A couple of decades ago, no one would have put Duluth on a list of America’s best towns, let alone at the top of the list. Located 150 miles north of Minneapolis, on the shores of Lake Superior in northeastern Minnesota, Duluth was a dying Rust Belt city with a collapsing economic base and an unemployment rate of 15 percent.
Since then, however, the city has turned things around. This fall, readers of Outside magazine selected Duluth as America’s “Best Town Ever,” beating out such stalwarts as Boulder, Missoula, Mont., and Burlington, Vt.
That’s quite an honor, particularly for a city with Duluth’s less-than-tropical climate. Last winter, Duluth residents enjoyed (if that’s the word) 23 days of below-zero temperatures.
Despite all that, the city of 86,000 — but with a metropolitan area of 280,000 residents (ranking 166th nationally, with Boulder at 160th and Greeley at 173rd) — has re-oriented itself around participatory sports, tourism and health care. The unemployment rate has dropped to 4.3 percent, and Duluth has become a magnet for young professionals.
Thanks to 100 miles of challenging single-track mountain bike trails within the city limits, Duluth has become a destination for mountain bikers. The trails, constructed in the hills around Duluth, initially were received with skepticism.
Mountain biking trails in a city with no mountains? But things have worked out, according to a recent article in the Minneapolis Star-Tribune.
“I can’t tell you how many people said mountain biking [tourism] will never come to Duluth,” said Hansi Johnson, the city’s mountain biking czar. “Now we have mountain biking magazines coming here.”
In a recent interview with Bicycling Magazine, 40-year-old Duluth Mayor Don Ness talked about Duluth’s revival.
“Most cities put a premium on making life easy,” said Ness. “Cities like Duluth put a premium on making life interesting. It’s not for everyone; it will never be an American standard. But I think a lot of people are looking for that.”
That’s what I was looking for in 1981 when my then-spouse and I moved back to my hometown after a 20-year absence. Fleeing the chaos and crime of Miami, we sought stability, safety, good schools, economic opportunity and adventure.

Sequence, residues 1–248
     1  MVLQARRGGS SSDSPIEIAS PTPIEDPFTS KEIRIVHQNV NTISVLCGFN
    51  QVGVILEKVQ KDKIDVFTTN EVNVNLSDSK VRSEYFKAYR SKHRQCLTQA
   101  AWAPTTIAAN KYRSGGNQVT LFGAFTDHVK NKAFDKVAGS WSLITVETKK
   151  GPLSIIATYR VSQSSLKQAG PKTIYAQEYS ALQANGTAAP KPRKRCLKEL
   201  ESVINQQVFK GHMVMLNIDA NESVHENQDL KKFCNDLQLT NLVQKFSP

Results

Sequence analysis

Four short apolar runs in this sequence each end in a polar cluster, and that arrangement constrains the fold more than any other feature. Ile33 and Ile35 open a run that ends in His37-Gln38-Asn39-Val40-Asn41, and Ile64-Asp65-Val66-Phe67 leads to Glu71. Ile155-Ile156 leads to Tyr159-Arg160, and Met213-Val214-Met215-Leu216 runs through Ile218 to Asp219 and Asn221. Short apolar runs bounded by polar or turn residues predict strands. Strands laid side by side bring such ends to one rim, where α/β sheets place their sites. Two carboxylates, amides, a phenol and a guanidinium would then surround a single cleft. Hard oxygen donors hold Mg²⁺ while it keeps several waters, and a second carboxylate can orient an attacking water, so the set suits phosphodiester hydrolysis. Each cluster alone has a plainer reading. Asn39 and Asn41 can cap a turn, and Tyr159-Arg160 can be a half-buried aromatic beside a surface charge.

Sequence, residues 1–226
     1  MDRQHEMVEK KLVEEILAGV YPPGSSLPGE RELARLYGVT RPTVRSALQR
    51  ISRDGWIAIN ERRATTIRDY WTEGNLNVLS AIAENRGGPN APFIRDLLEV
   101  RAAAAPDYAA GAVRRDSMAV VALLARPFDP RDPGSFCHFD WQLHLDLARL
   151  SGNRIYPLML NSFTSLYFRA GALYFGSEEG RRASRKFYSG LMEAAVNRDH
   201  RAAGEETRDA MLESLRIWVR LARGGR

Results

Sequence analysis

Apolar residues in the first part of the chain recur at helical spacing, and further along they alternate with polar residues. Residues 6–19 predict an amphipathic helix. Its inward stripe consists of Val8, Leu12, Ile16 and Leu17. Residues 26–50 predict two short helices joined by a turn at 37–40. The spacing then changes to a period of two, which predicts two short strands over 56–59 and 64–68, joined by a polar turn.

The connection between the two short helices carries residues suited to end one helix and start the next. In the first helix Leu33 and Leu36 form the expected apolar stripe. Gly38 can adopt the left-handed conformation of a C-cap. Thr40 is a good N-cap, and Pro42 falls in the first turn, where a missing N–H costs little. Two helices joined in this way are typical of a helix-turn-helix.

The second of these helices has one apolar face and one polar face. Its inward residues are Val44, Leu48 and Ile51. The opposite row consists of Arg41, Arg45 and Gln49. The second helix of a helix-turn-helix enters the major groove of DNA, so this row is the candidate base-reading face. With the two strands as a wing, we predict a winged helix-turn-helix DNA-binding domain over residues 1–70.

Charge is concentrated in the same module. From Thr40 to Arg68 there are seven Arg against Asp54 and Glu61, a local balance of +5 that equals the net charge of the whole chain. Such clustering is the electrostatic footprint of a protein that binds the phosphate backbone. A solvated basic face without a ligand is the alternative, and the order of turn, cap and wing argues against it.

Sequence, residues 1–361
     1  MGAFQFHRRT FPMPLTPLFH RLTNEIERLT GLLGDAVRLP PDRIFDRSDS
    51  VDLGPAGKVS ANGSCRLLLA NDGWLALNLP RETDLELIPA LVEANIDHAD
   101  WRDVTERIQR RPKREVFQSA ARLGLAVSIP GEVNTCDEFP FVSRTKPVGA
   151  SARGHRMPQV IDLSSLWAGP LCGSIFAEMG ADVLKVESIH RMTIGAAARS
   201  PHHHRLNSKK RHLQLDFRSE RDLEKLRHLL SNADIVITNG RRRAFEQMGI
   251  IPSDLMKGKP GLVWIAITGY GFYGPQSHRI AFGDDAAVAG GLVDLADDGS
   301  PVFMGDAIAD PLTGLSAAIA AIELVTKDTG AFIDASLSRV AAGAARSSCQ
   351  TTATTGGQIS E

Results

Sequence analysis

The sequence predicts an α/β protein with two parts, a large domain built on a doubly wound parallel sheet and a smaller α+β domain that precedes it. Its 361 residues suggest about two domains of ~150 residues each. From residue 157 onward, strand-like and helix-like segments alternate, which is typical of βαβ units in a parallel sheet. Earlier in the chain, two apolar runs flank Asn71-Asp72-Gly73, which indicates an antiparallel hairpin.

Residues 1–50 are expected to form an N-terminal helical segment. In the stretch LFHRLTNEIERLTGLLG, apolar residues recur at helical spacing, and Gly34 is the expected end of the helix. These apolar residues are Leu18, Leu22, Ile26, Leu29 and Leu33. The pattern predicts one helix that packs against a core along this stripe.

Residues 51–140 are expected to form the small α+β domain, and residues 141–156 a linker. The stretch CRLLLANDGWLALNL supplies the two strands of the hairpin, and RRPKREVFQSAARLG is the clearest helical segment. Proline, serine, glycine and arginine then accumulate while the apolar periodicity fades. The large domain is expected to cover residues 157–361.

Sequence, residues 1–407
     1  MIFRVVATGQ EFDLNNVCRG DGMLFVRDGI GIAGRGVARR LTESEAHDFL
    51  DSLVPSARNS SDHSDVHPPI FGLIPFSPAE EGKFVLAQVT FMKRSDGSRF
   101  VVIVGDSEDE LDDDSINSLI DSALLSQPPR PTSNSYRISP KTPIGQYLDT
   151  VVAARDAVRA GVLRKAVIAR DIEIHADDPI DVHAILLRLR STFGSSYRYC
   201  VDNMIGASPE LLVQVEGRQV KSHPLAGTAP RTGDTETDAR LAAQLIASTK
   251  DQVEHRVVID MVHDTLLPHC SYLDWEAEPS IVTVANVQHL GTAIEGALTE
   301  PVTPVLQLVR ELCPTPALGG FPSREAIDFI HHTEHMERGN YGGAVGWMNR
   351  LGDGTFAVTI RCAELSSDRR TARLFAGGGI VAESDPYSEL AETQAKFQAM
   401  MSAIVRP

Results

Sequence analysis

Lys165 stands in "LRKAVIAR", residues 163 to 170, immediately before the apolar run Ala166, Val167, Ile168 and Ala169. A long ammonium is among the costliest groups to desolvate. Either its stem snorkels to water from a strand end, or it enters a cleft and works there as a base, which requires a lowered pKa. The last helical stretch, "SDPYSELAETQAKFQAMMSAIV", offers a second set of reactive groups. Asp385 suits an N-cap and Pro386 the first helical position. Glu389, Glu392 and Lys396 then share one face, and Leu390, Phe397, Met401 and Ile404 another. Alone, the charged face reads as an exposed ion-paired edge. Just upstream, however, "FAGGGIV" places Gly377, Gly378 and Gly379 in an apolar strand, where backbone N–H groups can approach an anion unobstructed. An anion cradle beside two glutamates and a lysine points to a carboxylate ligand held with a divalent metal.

Colorado Springs was small, open and welcoming. New arrivals brought new ideas — and both were embraced.
“I remember when I moved here in 1984,” said Les Gruen of Urban Strategies, who represents Colorado Springs on the state Transportation Commission. “There were thousands of people like me, professionals in their 30s who had come here to work, start businesses, raise their families. It was so accessible to newcomers — you could always find a place at the table, a way to participate in the community.”
Young men and women still come to Colorado Springs, but the city has changed. We might once have been expansive and optimistic, but no more. The 30-somethings have become 60- and 70-somethings — and many of us are not stepping gracefully aside.
We’re not a youthful city. We’re an open-air senior center, demographically tilted to the Silver Sneakers set. One telling statistic: Among 3,500 American cities, Colorado Springs ranks 20th in military retirees. We’re one of two cities in the top 20 with fewer than 1 million inhabitants, and the only one with fewer than 500,000.
Geezers tend to be cautious, risk averse and inwardly focused. I know because I am one. We don’t look over our shoulder to see if anyone’s gaining on us, or look forward to new destinations. We look straight down so we won’t trip.
But we still want to run things. That’s why Keith King runs City Council, Terry Storm runs the Pikes Peak Association of Realtors, Dick Celeste runs the Olympic Museum, Bill Hybl runs El Pomar and Steve Bach runs the city.
A city that makes things interesting for its residents is one that offers newcomers a sense of ownership, possibility and growth. We no longer do so; in fact, new arrivals may find themselves infected by our own weary pessimism.
“The clock is ticking,” said one reasonably successful young professional. “I love it here, my family loves it here, but I have to make a living. We’re just so stuck in this town — there’s so much negativity.”
What can we do? Nothing much — the geezers aren’t going anywhere, so you young ’uns will have to wait until we die off. Maybe I’ll move to Duluth, but I probably wouldn’t like it. Too cold, too hip, and the young people run things.
They wouldn’t be interested in my vast wisdom.